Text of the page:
COVID-19 surge overwhelms India: ‘The condition is so horrible’
India, according to Johns Hopkins University in Baltimore, is #4 in deaths from the COVID-19 coronavirus. More than 182,500 people have died from COVID-19 in India as of Wednesday morning, April 21. And the Financial Times is reporting that India's most recent wave of COVID-19 infections is its worst so far.
Financial Times reporters Benjamin Parkin, Jyotsna Singh, Stephanie Findlay and John Burn-Murdoch explain, "Every night, funeral pyres blaze on the banks of the Ganges — a grim symbol of the ferocious COVID-19 wave, sparking a health crisis and human tragedy in India that is far surpassing anything seen last year. Patients are dying while their families search in vain for hospital beds. Supplies of oxygen and medicines are running low, leading to robberies of drugs from hospitals. Crematoriums and burial grounds cannot cope with the sheer number of corpses."
NEW: a deep-dive into the situation in India, where a devastating second wave is overwhelming hospitals and cremato… https://t.co/APSphng1j4— John Burn-Murdoch (@John Burn-Murdoch) 1618992957
Prime Minister Narendra Modi, a right-wing Hindu nationalist, and others in his Bharatiya Janata Party have drawn criticism from some health experts around the world for holding crowded events that did not adhere to social distancing guidelines. Two months ago, Bharatiya Janata officials were boasting that India had largely conquered COVID-19. But that was before the latest wave of infections.
In many parts of the country including the capital Delhi, cases are doubling every five days. Compared to the stead… https://t.co/Qz6UIjOkms— John Burn-Murdoch (@John Burn-Murdoch) 1618992960
And in many places, test positivity is rising at the same pace. Even as more and more tests are done, the share of… https://t.co/rP8XOIRsW5— John Burn-Murdoch (@John Burn-Murdoch) 1618992961
All of this is feeding through into a crisis in hospitals beyond what we’ve seen anywhere else in the world over th… https://t.co/36xRwODgVT— John Burn-Murdoch (@John Burn-Murdoch) 1618992962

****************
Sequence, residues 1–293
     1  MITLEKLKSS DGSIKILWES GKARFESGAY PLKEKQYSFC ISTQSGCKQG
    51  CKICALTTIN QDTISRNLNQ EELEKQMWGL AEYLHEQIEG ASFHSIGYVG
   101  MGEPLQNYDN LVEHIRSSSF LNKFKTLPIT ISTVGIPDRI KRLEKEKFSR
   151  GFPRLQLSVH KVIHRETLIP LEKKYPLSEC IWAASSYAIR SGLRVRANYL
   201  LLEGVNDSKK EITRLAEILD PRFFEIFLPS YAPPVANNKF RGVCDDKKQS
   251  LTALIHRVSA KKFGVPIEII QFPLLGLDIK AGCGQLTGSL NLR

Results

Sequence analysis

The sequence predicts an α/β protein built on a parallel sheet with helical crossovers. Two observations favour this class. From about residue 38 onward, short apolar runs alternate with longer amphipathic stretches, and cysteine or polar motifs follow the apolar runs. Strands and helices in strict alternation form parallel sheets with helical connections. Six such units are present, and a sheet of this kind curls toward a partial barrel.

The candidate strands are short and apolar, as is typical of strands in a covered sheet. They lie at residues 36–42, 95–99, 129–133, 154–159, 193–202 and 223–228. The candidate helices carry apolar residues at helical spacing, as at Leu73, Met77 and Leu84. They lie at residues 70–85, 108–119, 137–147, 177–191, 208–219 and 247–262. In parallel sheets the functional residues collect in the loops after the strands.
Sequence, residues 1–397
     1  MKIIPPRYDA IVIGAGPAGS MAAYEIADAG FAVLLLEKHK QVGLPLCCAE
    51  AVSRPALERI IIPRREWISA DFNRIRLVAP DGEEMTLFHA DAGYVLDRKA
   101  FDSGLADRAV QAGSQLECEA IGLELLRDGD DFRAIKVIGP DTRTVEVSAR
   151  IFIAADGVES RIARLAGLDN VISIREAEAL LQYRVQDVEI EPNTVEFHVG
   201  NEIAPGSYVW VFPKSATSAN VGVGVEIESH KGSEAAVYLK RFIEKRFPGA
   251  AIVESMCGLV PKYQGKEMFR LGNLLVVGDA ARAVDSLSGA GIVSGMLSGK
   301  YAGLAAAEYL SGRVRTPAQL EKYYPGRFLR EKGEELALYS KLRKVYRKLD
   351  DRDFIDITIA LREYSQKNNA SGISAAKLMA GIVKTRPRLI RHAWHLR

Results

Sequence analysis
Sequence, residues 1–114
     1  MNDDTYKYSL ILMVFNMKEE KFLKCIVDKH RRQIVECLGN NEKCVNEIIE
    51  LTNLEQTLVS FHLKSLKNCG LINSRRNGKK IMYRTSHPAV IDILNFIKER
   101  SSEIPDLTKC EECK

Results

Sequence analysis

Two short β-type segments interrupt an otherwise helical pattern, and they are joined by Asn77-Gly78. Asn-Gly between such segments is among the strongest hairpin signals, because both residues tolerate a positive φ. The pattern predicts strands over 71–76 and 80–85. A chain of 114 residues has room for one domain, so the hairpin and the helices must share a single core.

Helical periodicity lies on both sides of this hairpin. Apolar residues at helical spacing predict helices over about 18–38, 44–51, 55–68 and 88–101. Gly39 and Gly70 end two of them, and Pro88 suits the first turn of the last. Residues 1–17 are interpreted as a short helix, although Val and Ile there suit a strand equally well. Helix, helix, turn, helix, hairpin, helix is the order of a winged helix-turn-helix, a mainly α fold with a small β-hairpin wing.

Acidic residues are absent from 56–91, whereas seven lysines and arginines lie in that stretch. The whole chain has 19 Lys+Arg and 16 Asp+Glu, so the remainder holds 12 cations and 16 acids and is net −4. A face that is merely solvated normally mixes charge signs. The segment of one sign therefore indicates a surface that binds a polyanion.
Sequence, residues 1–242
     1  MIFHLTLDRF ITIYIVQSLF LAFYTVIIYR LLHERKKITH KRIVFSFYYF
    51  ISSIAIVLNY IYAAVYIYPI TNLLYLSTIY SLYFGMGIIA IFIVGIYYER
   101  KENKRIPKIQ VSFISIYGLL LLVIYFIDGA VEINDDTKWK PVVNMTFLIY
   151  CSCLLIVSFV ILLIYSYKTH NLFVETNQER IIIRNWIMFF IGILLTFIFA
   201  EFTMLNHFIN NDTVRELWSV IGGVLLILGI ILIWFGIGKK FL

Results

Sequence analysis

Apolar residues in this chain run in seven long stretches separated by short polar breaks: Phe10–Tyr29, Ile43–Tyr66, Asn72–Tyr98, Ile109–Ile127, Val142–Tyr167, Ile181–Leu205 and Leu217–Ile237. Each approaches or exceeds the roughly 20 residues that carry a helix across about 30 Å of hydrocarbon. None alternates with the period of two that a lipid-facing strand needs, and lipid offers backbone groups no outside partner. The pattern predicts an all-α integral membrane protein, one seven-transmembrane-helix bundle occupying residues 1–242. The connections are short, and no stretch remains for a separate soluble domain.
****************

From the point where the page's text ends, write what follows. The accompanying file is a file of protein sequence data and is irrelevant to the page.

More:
K. Srinath Reddy, president of the Public Health Foundation of India, told Financial Times, "Health systems weren't better prepared for it this time around. Many people in the administration across the country did not expect that there would be a 'this time around.' It was somehow presumed that we had passed the pandemic."
Seema Shukla, a nurse at the Sanjay Gandhi Post-Graduate Institute of Medical Sciences in Lucknow, told Financial Times that what India is suffering now is much worse than what the country experienced in 2020.
With thousands simply unable to find a hospital bed, death tolls are mounting at a similarly rapid pace. But a loo… https://t.co/p8z1XdA62x— John Burn-Murdoch (@John Burn-Murdoch) 1618992965
Essentially, none of those numbers are correct; all are vast undercounts. I collated local news reports (HT… https://t.co/s39qDMA5IB— John Burn-Murdoch (@John Burn-Murdoch) 1618992966
According to Shukla, "None of us suffered the death and devastation that we are seeing now. It is much worse this time than last year. The condition is so horrible that so many people are dying on the street, in their houses, before they can see a doctor or even have a test. From early morning to midnight, my phone keeps ringing. Desperate relatives and friends are calling for help: 'Please help me find a ventilator, bed, a nurse, oxygen cylinder, medicine.'"
The COVID-19 pandemic, according to Johns Hopkins researchers, has killed more than 3 million people worldwide. The United States remains the country with the most COVID-19-related deaths — with more than 568,000 U.S. residents having died from the novel coronavirus. And Hopkins reports that other COVID-19 hotspots include Brazil at #2 and Mexico at #3.
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